By Andy Lauer | Indiewire September 4, 2009 at 2:53AM
In his dispatch from the 2009 Venice Film Festival, which kicked off Wedesday, Shane Danielsen notes that "the competition this year looks, on paper at least, to be back to fighting-strength - a thrilling mixture of cultures and generations, with capital-A arthouse titans (Jacques Rivette, Claire Denis, Yonfan) pitted against smart genre technicians (Romero, Tsukamoto, Soi Cheang), plus some interesting debutantes (former Gucci creative director Tom Ford, Israel’s Samuel Maoz). Plus Michael Moore." Danielsen comes down hard on the fest's opener though, Giuseppe Tornatore’s “Baarìa” which he calls "crass, hectoring and buffoonish."
Roderick Conway Morris at the New York Times has assessments of a couple of the festival's most anticipated films: Todd Solondz's "Life During Wartime," a quasi-sequel to "Happiness," and John Hillcoat’s "The Road," an adaptation of the Cormac McCarthy novel starring Viggo Mortensen. Morris calls "Happiness" "a serious film about guilt and forgiveness, about pedophilia and how the paranoia it inspires has come to poison normal human relations and innocent displays of affection — but it is told in Mr. Solondz’s often very funny, deadpan, surreal manner" and writes that "The Road" is a "menacing, bleak, suspenseful drama shot with an almost monochrome, austere beauty, with impressive performances from both Mr. Mortensen and Smit-McPhee."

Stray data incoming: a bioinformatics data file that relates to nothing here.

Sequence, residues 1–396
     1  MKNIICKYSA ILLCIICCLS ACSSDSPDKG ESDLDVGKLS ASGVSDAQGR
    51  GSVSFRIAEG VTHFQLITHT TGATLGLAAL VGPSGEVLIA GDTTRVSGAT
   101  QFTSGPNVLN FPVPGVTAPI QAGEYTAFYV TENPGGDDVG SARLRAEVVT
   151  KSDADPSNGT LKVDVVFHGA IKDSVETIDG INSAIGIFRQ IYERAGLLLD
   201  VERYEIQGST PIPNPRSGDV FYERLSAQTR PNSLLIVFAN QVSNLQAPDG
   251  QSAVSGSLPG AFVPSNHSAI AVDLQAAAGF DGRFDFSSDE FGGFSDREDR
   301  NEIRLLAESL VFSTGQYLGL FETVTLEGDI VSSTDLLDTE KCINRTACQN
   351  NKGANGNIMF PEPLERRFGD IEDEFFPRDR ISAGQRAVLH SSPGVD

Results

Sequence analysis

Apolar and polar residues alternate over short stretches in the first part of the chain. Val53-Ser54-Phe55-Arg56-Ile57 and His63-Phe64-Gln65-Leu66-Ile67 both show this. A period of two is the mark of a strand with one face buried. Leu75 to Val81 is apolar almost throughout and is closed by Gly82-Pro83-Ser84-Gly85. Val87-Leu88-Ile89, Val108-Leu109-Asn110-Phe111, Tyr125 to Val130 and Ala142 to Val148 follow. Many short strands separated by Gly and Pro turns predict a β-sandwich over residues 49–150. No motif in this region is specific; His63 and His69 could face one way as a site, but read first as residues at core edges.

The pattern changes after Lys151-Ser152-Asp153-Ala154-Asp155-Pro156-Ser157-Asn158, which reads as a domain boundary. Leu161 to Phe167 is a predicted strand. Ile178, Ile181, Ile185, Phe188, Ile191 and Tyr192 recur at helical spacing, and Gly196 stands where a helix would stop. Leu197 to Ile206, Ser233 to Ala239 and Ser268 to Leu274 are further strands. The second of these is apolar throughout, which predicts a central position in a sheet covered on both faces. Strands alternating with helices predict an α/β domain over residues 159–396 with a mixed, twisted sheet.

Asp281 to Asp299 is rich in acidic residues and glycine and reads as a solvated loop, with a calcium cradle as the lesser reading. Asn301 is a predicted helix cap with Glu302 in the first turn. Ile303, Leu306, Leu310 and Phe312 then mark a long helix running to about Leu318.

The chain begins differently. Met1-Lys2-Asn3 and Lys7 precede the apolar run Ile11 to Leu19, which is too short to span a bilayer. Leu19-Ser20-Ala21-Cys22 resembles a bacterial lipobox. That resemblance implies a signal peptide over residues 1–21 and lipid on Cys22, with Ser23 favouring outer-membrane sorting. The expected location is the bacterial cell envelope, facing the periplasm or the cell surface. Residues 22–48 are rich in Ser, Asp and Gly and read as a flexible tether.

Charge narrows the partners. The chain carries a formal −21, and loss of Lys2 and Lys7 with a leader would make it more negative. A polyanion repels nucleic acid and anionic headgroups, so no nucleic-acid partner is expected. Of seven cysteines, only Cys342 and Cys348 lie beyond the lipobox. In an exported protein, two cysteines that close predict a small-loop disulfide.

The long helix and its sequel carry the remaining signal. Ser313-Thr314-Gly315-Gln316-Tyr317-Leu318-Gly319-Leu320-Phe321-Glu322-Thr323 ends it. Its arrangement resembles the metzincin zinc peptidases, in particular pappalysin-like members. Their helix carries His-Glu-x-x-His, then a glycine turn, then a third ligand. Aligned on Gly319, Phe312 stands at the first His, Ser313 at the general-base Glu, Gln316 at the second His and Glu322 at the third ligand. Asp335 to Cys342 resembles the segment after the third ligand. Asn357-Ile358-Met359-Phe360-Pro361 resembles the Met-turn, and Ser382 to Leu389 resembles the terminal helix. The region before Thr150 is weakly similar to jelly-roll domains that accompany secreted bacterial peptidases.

The trades are equally enthusiastic about Solondz's film. "In revisiting his darkly comic 1998 ensembler 'Happiness,' Todd Solondz may have made his best film with 'Life During Wartime," writes Todd McCarthy in Variety. "The distinctive, boundary-pushing writer-director has had the eccentric inspiration to resurrect the same central characters a decade later, but using entirely different actors." The Hollywood Reporter's Deborah Young calls "Life" "a heady mix of deadpan humor that boldly uses such topics as pedophilia, race and terrorism to plead the need for forgiveness at a personal and national level."
"What a haunting, harrowing, powerful film this is," writes Xan Brooks in his enthuasiastic review of John Hillcoat's "The Road." "Before last night's premiere there were rumours that its lengthy post-production period (the movie was actually shot back in February 2008) spelled signs of a troubled, sickly production. By and large, those fears have now proved to be unfounded." Todd McCarthy at Variety would seem to disagree, however, writing that "Except for the physical aspects of this bleak odyssey by a father and son through a post-apocalyptic landscape, this long-delayed production falls dispiritingly short on every front."
Werner Herzog's loose remake of Abel Ferrara's cult classic "Bad Lieutenant," meanwhile, has been getting decidedly mixed reviews from critics. David Hudson at the Auteurs has a round up of the press the film's been getting.
Finally, there's been more than a little political drama surrounding two films at the festival: Erik Gandini's "Videocracy," which takes a critical look at the media empire that Italy's prime minister has built, and Bobby Paunescu's "Francesca," which Alessandra Mussolini has sought to suppress because of a controversial statement it makes about her.